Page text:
Sadness is certainly not a desired or attractive feeling with its dense cluster of synonyms that are difficult to separate with any precision (boredom, angst, depression). It never has been, even if it has had a certain consideration in literary and philosophical circles (think of Spleen, the meditative or melancholic sadness, of Romanticism and decadence, or of the angst of Heidegger as the cipher of human existence) and has, in general, influenced the entire history of culture and medical research in the West.
Starting after the Second World War, perhaps with the intention of leaving behind the horrors of what had happened, some sought to eliminate sadness and propose a vision of existence marked by perfect serenity. And yet sadness is a part of life and it helps us understand the richness of its subtleties; it also contains important lessons for living well. Trying to suppress sadness would be like trying to eliminate the night from the arc of a day. Eliminating sadness would mean preventing oneself from experiencing the emotions and attitudes that are its mirror-opposite, like joy, peace, creativity and enthusiasm for life.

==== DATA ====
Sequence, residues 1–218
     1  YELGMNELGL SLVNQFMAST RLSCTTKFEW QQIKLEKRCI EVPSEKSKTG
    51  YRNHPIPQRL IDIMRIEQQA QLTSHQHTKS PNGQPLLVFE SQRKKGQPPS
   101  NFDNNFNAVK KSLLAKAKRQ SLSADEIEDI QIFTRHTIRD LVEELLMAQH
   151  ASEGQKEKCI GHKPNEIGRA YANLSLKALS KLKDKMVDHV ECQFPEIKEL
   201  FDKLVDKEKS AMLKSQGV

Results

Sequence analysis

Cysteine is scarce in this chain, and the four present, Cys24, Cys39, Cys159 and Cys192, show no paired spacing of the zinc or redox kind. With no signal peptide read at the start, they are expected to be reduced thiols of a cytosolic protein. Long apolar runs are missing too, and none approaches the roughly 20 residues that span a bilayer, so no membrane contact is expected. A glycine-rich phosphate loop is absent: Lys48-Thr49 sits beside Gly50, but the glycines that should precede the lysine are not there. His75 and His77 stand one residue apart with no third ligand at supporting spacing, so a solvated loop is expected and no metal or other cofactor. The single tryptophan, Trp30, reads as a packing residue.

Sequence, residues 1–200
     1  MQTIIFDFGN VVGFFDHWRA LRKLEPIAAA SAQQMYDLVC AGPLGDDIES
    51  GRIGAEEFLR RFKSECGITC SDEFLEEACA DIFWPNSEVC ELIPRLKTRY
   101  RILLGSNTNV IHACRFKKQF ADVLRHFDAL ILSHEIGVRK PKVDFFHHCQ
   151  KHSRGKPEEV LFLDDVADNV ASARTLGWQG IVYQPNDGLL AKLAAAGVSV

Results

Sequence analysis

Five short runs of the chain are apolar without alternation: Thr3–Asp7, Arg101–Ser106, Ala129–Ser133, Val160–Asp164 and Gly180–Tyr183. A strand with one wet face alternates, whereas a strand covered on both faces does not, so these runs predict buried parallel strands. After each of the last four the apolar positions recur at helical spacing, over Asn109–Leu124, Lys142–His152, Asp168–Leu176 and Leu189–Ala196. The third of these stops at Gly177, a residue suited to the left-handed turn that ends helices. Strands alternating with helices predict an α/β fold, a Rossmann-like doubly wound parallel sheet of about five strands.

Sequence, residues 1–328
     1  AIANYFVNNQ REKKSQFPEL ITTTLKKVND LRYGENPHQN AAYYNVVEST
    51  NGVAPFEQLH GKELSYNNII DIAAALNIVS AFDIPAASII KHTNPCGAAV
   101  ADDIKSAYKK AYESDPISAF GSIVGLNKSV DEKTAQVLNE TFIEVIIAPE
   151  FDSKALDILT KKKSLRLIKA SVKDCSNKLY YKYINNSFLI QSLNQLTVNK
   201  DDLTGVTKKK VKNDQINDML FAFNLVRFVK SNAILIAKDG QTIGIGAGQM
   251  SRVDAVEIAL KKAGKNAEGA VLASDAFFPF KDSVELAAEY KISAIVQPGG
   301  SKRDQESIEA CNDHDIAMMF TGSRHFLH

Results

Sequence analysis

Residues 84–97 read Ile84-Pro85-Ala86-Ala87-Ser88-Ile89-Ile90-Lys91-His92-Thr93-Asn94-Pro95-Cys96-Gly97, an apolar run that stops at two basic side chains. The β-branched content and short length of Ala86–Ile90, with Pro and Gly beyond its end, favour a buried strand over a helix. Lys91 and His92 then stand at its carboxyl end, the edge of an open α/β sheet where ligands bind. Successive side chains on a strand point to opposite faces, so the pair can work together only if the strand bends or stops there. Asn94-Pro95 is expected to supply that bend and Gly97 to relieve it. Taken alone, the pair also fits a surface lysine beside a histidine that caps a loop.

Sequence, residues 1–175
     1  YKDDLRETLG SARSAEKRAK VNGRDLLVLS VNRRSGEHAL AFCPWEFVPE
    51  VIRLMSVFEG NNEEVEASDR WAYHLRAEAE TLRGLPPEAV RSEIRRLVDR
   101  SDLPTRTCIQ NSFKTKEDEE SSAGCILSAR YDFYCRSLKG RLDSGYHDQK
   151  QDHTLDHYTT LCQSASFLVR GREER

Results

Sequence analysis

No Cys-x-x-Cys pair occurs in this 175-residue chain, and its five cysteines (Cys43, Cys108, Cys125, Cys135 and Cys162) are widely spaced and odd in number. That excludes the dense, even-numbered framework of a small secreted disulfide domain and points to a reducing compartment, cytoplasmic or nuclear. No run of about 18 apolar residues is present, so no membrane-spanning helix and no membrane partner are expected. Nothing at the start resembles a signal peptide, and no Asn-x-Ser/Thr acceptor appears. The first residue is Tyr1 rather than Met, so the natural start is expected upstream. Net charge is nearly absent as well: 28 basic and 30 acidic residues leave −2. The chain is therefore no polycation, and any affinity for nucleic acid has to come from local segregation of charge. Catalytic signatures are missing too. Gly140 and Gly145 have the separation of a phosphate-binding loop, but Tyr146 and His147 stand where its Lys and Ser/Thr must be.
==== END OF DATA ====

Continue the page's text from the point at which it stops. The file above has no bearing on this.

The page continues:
Art reminds us of its necessity. One need only think of the play on chiaroscuro that, for example, characterizes Caravaggio’s Call of St. Matthew. When the dark colors are taken away (something that can easily be done by computer), the final effect is horrible; it becomes impossible to grasp the beauty and the dramatic depth of the depiction of the event that forever changed the life of that tax collector.
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